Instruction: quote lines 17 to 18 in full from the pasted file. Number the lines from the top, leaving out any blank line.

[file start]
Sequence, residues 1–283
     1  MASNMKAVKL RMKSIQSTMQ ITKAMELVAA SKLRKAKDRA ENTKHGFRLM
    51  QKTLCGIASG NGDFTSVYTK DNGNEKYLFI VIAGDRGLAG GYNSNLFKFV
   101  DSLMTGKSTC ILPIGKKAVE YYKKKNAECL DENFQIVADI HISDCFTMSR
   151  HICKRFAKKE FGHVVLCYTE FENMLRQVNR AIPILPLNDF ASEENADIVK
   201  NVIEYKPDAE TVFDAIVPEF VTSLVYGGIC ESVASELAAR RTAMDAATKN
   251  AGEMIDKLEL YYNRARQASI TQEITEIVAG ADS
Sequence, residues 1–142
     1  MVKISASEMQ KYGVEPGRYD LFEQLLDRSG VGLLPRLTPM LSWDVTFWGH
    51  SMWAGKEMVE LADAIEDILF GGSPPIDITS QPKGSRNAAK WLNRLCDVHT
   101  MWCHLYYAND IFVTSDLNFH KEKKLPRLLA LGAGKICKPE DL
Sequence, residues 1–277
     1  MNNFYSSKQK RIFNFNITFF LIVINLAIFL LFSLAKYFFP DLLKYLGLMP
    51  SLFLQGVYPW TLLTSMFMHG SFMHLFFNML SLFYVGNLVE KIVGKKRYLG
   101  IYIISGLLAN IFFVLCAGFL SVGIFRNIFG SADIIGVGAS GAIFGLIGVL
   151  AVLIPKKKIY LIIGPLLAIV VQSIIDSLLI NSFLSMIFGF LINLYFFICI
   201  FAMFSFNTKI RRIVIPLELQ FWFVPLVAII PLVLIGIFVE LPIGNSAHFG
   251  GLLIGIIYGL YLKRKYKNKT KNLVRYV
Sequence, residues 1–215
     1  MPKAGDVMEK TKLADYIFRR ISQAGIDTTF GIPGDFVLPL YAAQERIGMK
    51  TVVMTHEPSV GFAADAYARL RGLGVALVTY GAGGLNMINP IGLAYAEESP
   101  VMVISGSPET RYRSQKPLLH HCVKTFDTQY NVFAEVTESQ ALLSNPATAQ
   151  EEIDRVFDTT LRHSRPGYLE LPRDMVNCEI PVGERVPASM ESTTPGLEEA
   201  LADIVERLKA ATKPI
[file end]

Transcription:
   201  FAMFSFNTKI RRIVIPLELQ FWFVPLVAII PLVLIGIFVE LPIGNSAHFG
   251  GLLIGIIYGL YLKRKYKNKT KNLVRYV